“They had to work to survive, because if they didn’t, they were at the verge of being evicted,” de Leon said. “It goes beyond football and this rivalry.”

VIDEO | 04:24
Roosevelt-Garfield: A rivalry on the field and in the stands

After being sidelined by the pandemic, fans on both sides were grateful to once again attend the East L.A. Classic, one of the greatest high school matchups in the nation.

Normally, during Wednesday’s media day in advance of the Classic, Parral would run with the opportunity to talk some smack. Everyone in attendance expected it. Parral doesn’t like the Bulldogs, and he’s not shy about saying so.

But a few minutes after he stepped to the microphone, a man known for his playful machismo broke down in tears, saying he missed his friend Guillen.

“I wore this shirt today because he gave it to me — I was just talking to him this morning,” Parral said, his voice trembling. “Even though he’s gone, and many people that we lost are gone, we have their memories. And that’s a good thing. This game continues again this season.”


Roosevelt lineman Victor Lozano (60) walks on the sideline during a win over Garfield.
Roosevelt lineman Victor Lozano (60) walks on the sideline during a win over Garfield on Friday.
(Luca Evans / For The Times)

After the game, as the Rough Riders scattered after posing for a photo, they broke out into a chant of “Dic-ky!”

Parral said among his decades coaching, this year has been the easiest because he hasn’t had to do much. The motivation was there — players wanted to win for Guillen.

“You don’t want to let him down,” Parral said.

In a season dedicated to Dicky, the East L.A. Classic became a capstone — particularly given Roosevelt’s long history as the underdog of the rivalry.

“We really want this win,” team captain James Cortez said before the game. “More than anything.”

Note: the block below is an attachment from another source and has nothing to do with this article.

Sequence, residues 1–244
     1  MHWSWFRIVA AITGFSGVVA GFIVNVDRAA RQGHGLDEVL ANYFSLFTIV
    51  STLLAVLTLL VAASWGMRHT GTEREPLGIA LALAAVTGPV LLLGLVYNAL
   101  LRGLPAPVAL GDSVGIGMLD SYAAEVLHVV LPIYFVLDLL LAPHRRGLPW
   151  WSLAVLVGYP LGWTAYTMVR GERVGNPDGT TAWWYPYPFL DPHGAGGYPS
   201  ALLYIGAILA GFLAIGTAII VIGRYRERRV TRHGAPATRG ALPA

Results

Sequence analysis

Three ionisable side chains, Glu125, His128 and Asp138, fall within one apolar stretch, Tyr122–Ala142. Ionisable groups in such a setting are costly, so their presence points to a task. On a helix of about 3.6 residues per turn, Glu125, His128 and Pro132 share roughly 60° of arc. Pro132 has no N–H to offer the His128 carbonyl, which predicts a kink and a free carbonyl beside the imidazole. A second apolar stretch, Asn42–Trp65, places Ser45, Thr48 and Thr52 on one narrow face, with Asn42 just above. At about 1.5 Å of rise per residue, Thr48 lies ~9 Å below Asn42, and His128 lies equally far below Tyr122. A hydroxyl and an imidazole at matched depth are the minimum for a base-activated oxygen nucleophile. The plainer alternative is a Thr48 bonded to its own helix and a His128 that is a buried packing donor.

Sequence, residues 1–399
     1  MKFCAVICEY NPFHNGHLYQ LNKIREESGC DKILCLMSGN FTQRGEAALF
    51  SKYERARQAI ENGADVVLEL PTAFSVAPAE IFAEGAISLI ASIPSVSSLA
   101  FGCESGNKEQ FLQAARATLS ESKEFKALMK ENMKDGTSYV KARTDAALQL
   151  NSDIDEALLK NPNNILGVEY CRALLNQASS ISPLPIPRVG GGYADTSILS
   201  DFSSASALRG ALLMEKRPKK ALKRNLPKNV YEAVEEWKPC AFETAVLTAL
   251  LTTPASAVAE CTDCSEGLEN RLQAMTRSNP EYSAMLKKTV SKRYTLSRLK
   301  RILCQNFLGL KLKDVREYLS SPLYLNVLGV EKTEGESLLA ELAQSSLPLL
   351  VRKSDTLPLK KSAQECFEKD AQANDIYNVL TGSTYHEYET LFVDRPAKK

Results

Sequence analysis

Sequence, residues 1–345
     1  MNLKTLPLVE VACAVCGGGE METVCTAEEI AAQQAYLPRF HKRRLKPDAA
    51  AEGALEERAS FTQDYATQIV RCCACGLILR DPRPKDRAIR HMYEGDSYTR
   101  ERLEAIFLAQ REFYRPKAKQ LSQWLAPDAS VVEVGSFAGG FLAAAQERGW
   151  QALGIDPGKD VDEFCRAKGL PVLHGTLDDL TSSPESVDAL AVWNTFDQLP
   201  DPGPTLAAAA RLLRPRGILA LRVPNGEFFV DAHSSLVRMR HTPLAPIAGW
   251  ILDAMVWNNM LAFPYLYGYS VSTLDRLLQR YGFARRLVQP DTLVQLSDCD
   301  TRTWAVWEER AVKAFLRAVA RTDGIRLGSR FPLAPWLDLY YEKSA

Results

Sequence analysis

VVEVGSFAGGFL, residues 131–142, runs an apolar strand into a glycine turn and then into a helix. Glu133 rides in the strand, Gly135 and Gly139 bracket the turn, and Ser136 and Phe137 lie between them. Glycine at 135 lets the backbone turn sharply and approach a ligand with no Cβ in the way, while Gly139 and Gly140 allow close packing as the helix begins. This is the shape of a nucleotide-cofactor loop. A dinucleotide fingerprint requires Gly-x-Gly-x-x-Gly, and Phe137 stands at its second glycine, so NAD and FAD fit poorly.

Buzzing with that momentum, Roosevelt shocked the Garfield crowd into a dull murmur in the first half as the Rough Riders rung up a 22-0 lead. Roosevelt’s ground attack overwhelmed the Bulldogs, punctuated by two long Quezada touchdowns, as Garfield fans became more interested in a beach ball being batted around the stands.

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As the second half dragged on, though, the pendulum swung completely. Hernandez and the Bulldogs swallowed up Roosevelt’s run game, while receiver Jayden Barnes hauled in a couple of touchdowns to cut the lead to three points.

With just three minutes left in the game, Garfield had the ball at midfield and a golden opportunity to take the lead — but on third down, senior Rough Riders defensive back Carlos Velasquez dove for a crucial interception on the sideline as the Roosevelt crowd exploded.

“When I caught that, I already prophesized it at practice on Thursday,” Velasquez said. “I just said to my friends, what I want to do is just grab a pick and call the game.”

Garfield had a last-second chance to tie with a field goal but missed it as the clock expired. All hell broke loose. Security pleaded with students rushing the field to return to the stands, but to no avail.

Parral watched as Roosevelt alumni from 20 years earlier joined the fray. It was a catharsis after a decade as underdogs on the field and two years of pain off it.

“It’s like we’re free,” Parral said.

There are 14 Roosevelt Rough Rider teams in America, including one in Los Angeles, and they all had to deal with playing, or not playing, during a pandemic.